In considering the admissibility of a foreign government website in an asylum case, Seventh Circuit notes that a foreign government website was “presumptively authentic” since a document on a the site from China could “be verified by visiting the website itself,” in Chen v. Holder, _ F.3d _ (7th Cir. May 9, 2013) (No. 12-2563)
The Federal Evidence Blog has previously noted the issue of admitting evidence from a website. One method involves judicial notice. See, e.g., Circuit Takes Judicial Notice Of Federal Agency Website Records ; Circuit Takes Judicial Notice Of "Facts" On CDC Web-Site. The Seventh Circuit recently considered the issue of authenticating a foreign government website.
In the case, a Chinese citizen and mother of two boys petitioned for asylum contending that she was "likely to be forcibly sterilized if she returns to China" based on the government's "one child policy." The Board of Immigration Appeals affirmed the denial of her petition by the immigration judge. The Board disregarded a number of materials from China which were submitted in support of the petition, including web site information, as inadmissible as unauthenticated.
The Seventh Circuit reversed and was particularly critical of the Board's limited view of authentication. As the circuit explained:
The Board gave no weight to communications from the local authorities, on the ground that the communications had not been authenticated and might
therefore be forgeries.... The Board has a pinched conception of “authentication.” Obviously a document must be authentic rather than a forgery to be admissible in evidence. But “documents may be authenticated in immigration proceedings through any recognized procedure”. Some of the recognized procedures are set forth in Article IX of the Federal Rules of Evidence, where we read that “to satisfy the requirement of authenticating or identifying an item of evidence, the proponent must produce evidence sufficient to support a finding that the item is what the proponent claims it is.” Fed. R. Evid. 901(a). The Board disregards these authorities and even imagines that the only method of authenticating a foreign official document is a certification procedure, either the one set forth in Fed. R. Evid 902(3), or the one in the Board’s own regulations, 8 C.F.R. §§ 287.6(b), 1287.6(b) (these are identical regulations, the first applicable to proceedings before the Board, the second to proceedings before immigration judges). It isn’t the only path to admissibility. The path laid out in Rule 902(3), which requires certification by U.S. or foreign diplomatic officials, is a form of what is called “self-authentication,” which is an alternative to authentication by evidence, not a form, let alone a mandatory form, of authentication. (Rule 902 is captioned “Evidence That Is Self-Authenticating.”).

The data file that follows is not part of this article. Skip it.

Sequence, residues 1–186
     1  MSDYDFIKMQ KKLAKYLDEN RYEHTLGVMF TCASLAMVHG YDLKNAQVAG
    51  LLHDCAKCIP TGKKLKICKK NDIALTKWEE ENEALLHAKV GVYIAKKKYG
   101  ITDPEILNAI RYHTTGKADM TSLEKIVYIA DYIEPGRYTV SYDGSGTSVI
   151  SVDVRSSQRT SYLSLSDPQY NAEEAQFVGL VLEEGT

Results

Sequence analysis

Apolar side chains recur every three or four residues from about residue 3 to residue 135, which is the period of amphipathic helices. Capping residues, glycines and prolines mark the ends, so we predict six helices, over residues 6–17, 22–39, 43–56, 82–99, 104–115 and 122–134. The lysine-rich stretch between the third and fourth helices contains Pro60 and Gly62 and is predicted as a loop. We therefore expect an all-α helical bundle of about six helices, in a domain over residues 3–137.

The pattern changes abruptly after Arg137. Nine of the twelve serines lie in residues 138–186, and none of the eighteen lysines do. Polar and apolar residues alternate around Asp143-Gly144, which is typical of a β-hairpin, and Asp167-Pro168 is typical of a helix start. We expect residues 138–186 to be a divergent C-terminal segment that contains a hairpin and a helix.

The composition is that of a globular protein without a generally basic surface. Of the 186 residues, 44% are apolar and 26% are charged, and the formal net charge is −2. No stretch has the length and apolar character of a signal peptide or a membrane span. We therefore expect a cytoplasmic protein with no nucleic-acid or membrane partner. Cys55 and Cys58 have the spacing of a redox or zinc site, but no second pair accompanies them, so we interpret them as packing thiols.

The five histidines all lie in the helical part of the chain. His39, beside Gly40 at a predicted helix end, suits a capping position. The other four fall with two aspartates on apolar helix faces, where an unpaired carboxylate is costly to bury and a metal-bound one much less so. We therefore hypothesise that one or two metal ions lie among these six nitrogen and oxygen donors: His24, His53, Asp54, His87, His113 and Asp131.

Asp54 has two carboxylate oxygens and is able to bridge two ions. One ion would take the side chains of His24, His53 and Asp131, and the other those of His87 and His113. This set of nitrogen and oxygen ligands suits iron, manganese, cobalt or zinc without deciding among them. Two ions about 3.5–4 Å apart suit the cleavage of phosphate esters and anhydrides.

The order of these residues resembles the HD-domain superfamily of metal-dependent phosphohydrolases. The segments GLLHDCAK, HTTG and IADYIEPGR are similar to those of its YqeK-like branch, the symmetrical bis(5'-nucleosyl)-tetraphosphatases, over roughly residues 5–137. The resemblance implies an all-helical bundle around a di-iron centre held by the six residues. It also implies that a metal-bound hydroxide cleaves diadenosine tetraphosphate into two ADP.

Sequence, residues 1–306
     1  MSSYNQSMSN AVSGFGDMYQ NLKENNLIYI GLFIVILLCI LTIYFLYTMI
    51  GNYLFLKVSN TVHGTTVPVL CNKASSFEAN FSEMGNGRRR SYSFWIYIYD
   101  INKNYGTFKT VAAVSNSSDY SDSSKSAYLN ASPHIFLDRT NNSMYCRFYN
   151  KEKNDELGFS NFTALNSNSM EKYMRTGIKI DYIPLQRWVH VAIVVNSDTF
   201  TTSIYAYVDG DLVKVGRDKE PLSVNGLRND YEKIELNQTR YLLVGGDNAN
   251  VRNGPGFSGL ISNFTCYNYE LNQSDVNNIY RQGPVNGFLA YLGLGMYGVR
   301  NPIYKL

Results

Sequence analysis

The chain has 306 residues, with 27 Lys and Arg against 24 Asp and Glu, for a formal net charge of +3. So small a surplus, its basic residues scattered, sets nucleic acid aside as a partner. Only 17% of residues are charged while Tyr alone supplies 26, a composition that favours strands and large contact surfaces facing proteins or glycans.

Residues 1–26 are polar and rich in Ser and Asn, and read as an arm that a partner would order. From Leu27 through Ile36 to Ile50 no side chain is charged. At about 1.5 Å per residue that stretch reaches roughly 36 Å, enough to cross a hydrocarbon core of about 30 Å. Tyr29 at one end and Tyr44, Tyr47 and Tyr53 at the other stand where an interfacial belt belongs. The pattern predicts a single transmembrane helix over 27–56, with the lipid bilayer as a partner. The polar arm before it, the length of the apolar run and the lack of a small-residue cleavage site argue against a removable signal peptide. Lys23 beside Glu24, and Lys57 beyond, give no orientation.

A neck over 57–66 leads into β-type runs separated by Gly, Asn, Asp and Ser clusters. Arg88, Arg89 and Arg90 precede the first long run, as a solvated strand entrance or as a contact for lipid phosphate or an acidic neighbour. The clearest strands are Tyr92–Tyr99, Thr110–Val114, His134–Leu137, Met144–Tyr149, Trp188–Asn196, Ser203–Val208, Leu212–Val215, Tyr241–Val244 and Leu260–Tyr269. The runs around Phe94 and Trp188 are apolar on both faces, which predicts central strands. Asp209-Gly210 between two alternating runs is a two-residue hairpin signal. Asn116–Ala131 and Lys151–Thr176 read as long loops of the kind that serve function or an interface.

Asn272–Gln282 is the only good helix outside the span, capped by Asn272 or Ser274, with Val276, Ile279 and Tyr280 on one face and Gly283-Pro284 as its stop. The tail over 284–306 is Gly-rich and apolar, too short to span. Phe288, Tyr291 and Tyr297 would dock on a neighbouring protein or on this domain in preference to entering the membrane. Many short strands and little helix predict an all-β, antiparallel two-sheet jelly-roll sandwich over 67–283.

Chen, _ F.3d at _.
Among other documents that the Board failed to authenticate, the circuit noted that government website information should have been considered:
One of the documents that the Board refused to consider had been posted on a Fujian government website. That document (which we’ll call the “Robert Lin” document), ... states that sterilization is mandatory for violators of the one-child policy, with exceptions that don’t apply to the petitioner. Population and Procreation Committee of Fujian Province, “Answer to Robert Lin’s Inquiry: ‘Family Planning Policy with Respect to People Returning to China from Overseas,’” May 6, 2008, www.fjjsw.gov.cn:8080/html/5/383/9626_200856322.html. (visited Apr. 19, 2013); cf. Population and Family Planning Regulation of Fujian Province (July 26, 2002), Articles 9-11, 39, 47.